From the Desk of John Wodak: Introducing THE ROGER (that’s SIR to you)

Further to the Edmonton Journal Article re Jason Kenney’s plan for power, the following are some items re Sir Roger Douglas, NZ Finance Minister.

 

Make way Golden Globes. There’s a new international trophy strutting the world stage. Step aside Oscar. Here comes The Roger.

 

Sir Roger_Douglas

 

This year’s winner – the Japanese company Juken Nissho, which operates three wood processing plants in New Zealand/Aotearoa – outshone the seven other finalists for ‘its horrifying safety record in its plants [269 notifications of serious harm to its workers between 1995 and 2003] and its arrogant disregard for the welfare of the Kaitaia community’ affected by its factory emissions.

 

The award’s name is in honour of former New Zealand Minister of Finance, Sir Roger Douglas. Roger is renowned for having done Reaganomics better than Maggie Thatcher during the 1980s. Sporting a competitive spirit worthy of the most extreme form of laissez-faire capitalism, Roger made sure that New Zealand’s public resources became the most privatized in the Western world. Through his policies, the New Zealand economy slipped increasingly into the hands of a small number of large transnational corporations. Between 1989 and 2003, foreign ownership of New Zealand companies increased by over 400 per cent.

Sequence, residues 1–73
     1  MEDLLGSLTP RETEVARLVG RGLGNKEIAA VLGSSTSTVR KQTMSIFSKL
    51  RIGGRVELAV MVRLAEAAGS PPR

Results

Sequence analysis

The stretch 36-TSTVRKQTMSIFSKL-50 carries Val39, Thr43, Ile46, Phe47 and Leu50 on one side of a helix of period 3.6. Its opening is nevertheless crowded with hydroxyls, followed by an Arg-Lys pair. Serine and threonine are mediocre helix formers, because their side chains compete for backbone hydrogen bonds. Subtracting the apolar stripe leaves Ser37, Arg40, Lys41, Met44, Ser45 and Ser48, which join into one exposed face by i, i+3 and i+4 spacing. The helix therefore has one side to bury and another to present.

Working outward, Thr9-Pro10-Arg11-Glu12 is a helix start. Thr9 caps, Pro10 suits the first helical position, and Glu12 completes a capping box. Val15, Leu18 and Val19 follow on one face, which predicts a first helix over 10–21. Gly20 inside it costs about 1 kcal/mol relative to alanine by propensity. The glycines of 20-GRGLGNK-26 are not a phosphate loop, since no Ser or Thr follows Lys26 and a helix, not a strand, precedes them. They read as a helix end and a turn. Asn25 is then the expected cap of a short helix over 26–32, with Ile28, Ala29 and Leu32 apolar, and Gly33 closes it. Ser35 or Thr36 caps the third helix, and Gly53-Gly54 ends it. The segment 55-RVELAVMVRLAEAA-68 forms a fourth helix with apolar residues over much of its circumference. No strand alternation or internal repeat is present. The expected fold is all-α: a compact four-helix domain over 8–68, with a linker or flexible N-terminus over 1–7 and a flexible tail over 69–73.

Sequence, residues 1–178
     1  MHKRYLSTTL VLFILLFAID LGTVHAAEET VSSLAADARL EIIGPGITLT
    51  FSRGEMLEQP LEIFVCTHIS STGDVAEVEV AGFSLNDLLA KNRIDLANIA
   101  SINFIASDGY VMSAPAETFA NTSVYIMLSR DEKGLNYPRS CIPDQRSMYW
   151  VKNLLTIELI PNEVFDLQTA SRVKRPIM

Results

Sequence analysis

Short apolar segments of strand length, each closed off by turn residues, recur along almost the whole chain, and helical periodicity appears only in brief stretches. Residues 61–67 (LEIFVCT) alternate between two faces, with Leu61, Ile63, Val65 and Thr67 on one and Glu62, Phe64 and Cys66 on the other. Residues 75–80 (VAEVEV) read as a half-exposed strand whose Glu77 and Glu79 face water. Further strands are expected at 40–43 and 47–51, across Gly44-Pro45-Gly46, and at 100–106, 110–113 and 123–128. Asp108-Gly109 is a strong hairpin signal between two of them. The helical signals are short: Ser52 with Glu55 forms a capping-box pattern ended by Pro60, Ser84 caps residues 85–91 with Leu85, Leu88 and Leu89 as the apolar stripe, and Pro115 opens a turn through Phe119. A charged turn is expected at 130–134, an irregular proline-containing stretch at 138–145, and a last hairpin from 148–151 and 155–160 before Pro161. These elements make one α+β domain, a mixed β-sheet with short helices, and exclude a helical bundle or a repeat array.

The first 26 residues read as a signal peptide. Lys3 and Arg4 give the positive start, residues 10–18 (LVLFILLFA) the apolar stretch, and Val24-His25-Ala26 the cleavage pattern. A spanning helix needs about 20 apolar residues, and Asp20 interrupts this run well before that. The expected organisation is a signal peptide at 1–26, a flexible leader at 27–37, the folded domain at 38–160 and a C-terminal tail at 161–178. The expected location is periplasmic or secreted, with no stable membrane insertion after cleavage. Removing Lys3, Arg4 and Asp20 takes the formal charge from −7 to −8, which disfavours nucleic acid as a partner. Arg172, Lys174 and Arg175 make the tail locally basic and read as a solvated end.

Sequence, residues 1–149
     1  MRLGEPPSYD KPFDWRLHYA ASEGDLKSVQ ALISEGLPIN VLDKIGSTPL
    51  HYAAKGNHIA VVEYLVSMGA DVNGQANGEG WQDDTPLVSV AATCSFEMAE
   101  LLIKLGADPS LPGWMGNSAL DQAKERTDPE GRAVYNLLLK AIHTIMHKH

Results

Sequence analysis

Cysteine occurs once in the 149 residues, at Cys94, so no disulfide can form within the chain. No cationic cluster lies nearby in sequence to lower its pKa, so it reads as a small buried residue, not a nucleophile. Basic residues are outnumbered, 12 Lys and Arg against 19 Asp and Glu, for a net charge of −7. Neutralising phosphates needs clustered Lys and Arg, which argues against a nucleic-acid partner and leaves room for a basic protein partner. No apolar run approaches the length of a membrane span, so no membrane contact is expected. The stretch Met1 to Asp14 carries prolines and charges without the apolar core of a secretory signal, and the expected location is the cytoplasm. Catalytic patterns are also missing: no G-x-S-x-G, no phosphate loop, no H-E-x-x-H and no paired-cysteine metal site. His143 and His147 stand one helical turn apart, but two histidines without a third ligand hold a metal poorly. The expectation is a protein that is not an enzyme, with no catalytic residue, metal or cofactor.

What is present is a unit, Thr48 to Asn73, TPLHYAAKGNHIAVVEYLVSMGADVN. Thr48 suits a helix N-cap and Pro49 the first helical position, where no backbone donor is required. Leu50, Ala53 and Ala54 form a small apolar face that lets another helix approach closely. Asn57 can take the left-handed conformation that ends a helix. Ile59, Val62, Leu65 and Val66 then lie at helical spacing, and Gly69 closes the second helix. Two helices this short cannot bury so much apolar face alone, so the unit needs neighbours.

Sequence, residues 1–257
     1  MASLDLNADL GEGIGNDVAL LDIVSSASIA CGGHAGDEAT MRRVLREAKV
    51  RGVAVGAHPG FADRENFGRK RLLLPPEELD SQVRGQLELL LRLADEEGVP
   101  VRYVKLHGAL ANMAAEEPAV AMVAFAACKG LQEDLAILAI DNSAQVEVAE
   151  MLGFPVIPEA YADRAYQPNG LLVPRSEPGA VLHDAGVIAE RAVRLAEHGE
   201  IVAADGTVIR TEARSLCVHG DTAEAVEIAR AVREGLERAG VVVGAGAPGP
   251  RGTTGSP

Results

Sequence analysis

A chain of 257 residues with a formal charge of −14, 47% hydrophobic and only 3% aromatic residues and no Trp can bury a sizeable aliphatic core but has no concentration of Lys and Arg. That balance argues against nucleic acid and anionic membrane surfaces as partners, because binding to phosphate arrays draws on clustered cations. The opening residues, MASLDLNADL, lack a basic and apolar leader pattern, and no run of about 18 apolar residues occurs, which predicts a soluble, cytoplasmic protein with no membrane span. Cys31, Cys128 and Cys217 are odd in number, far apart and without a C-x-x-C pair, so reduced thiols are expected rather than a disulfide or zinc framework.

Article from New Internationalist is a leading independent media organization dedicated to socially conscious journalism and publishing in 2004

 

AND WHO COULD FORGET OUR VERY OWN TransAlta

 

The 1999 Roger Award for the Worst Multinational Corporation in New Zealand was awarded to TransAlta, a Canadian power company which retails energy in Auckland and other New Zealand cities.

The annual award, administered by the Campaign Against Foreign Control of Aotearoa (the indigenous Maori name for New Zealand), is named after Sir Roger Douglas, a Minister of Finance in New Zealand’s 1984-90 Labor government, and is given to the multinational that has had the most negative impact in the country during the previous year.

Although TransAlta has agreed to sell its New Zealand assets to an Australian company, its “brief foray into New Zealand is a warning to the world of what can happen when basic infrastructural services such as electricity are privatized and deregulated,” the award’s judges stated.

According to the judges, during TransAlta’s seven years in New Zealand it 1) raised rates for consumers and small businesses, while cutting rates for big businesses; 2) sacked workers “to an extent which is causing those left to fear for their safety;” and 3) helped build two gas-fired power plants which are responsible for half the total national carbon dioxide emissions increases from 1990 to 1998.

TransAlta officials refused to comment when contacted by the Monitor. Past winners of the Roger Award include U.S.-owned Tranz Rail (for unsafe rolling stock) and Monsanto.

 

Article form Multinational Monitor 2000